ELLAND ROAD, almost exactly a year ago.
England’s final warm-up friendly before the World Cup and Costa Rica were the visitors. The hosts were unbeaten in nine games, but expectations surrounding the national team were low.
Not only were memories of the previous two ignominious exits from major tournaments still horribly raw, but Gareth Southgate’s side had hardly clicked into gear during recent outings.
A 2-1 victory over Nigeria five days earlier at Wembley had been functional rather than fantastic.
There were also more questions than answers surrounding Southgate’s squad, not least whether Harry Maguire or Gary Cahill should start in defence.
Who should get the nod in goal was also up for debate, while Marcus Rashford’s cause was being pushed by many in preference to Raheem Sterling after his scoring drought at international level had been extended to 20 games via several spurned chances against Nigeria.
There can be no escaping the sense that something special is building. The 23-man squad in Portugal this week seems not just capable of excelling at Euro 2020 but also four years down the line.Richard Sutcliffe
A 2-0 win for England on their first visit to Leeds in 16 years, secured by a spectacular opener from Rashford and a late header from Danny Welbeck, did little to settle those arguments.
Neither did the manner of the performance suggest a golden summer lay ahead. By the time England returned from Russia, however, that June 7 friendly had proved a useful gauge as to the national team’s change of fortunes via how the jeers that greeted Rashford’s name before kick-off at Elland Road had given way to rapturous cheers for the Manchester United striker by the final whistle.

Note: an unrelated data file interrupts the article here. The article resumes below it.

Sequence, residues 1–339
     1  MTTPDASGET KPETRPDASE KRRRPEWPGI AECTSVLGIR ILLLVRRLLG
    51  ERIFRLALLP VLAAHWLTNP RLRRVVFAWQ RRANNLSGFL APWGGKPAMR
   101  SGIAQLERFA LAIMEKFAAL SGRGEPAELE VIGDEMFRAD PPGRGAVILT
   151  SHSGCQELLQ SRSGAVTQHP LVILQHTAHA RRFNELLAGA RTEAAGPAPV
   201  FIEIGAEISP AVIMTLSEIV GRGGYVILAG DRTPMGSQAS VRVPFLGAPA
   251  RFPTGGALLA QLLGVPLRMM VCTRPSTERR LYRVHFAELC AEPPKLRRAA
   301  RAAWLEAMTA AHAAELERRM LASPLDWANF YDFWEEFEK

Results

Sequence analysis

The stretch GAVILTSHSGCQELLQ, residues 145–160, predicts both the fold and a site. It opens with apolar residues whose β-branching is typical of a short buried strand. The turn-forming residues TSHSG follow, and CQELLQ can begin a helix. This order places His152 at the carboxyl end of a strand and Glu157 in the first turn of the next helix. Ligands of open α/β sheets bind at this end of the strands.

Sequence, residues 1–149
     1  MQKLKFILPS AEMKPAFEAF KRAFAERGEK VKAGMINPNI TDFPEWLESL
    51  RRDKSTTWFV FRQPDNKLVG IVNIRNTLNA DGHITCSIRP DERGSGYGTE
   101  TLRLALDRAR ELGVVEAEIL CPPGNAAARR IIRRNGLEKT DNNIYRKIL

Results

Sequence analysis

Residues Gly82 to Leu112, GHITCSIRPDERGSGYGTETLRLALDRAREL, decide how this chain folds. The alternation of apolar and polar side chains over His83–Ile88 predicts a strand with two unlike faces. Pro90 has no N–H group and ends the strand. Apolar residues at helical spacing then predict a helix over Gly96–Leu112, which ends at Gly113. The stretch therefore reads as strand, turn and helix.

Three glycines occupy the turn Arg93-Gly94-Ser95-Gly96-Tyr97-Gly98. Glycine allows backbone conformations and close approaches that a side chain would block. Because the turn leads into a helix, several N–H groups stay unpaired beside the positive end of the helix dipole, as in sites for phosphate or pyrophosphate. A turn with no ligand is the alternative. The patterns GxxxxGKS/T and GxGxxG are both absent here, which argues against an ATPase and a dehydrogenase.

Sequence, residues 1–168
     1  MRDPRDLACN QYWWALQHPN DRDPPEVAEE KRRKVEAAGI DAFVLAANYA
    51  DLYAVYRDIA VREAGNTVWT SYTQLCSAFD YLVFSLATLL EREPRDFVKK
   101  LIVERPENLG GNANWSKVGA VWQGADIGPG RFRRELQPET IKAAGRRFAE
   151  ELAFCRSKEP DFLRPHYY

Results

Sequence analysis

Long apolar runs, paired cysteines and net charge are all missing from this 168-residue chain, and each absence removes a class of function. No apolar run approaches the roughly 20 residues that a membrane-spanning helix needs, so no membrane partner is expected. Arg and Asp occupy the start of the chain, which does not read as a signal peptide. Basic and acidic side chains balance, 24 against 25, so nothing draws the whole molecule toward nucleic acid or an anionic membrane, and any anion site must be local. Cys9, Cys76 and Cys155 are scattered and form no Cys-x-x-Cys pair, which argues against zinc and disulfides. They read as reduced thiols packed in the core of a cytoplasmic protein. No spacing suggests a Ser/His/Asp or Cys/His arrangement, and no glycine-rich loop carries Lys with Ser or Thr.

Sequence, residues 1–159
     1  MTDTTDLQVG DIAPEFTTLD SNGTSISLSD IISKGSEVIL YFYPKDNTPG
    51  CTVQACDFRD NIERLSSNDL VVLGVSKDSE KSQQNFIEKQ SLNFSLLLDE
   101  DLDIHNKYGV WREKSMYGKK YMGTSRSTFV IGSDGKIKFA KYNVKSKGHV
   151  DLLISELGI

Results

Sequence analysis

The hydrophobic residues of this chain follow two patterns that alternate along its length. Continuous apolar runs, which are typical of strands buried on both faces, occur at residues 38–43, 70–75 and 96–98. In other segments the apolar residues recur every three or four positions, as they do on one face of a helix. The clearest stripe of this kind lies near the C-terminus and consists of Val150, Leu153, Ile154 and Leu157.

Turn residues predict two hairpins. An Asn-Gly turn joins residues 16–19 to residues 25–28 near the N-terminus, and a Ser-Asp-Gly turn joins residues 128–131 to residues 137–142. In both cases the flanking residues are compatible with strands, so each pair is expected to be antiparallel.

Post World Cup, Southgate was rightly hailed as a hero and the country had fallen back in love with its football team.
Another season down the line and that affection has only grown. England expects and silverware once again seems an attainable goal.
Of course this country has previously been guilty of prematurely hailing golden generations – and in the not too distant past either.
But there can be no escaping the sense that something special is building. The 23-man squad in Portugal this week seems not just capable of excelling at Euro 2020, but also four years down the line.
Most will still be in their twenties come Euro 2024 in Germany and, barring injury, firmly into their peak years.
A tantalising prospect and one that rightly excites the nation, even allowing for the next World Cup being held in conditions barely suited to anyone reared on English winters.
Before those dreams of ending all those years of hurt comes Europe’s newest competition.
The UEFA Nations League may be the new kid on the block. It may also be yet truly to convince those supporters who point to the absence of World Cup holders France as proof that the format does not necessarily mean the very best prevail.
But victory over Holland in tomorrow’s semi-final and then seeing off either Switzerland or hosts Portugal on Sunday would still be a notable achievement.
It would also leave Southgate’s men in fine fettle a year out from Euro 2020, a tournament that climaxes on home soil thanks to the final and both semi-finals being staged at Wembley.
As was proved in 1966 and again 30 years later, this can be a big advantage. As, of course, can be a draw as favourable as the one that opened up in front of the Three Lions in Russia.
The latter is out of Southgate’s control, but what he does have is the total support of the country.
Success in Portugal – and a first piece of silverware since Le Tournoi in 1997 – will only cement that backing and fuel belief among the players that 2020 really can be England’s year.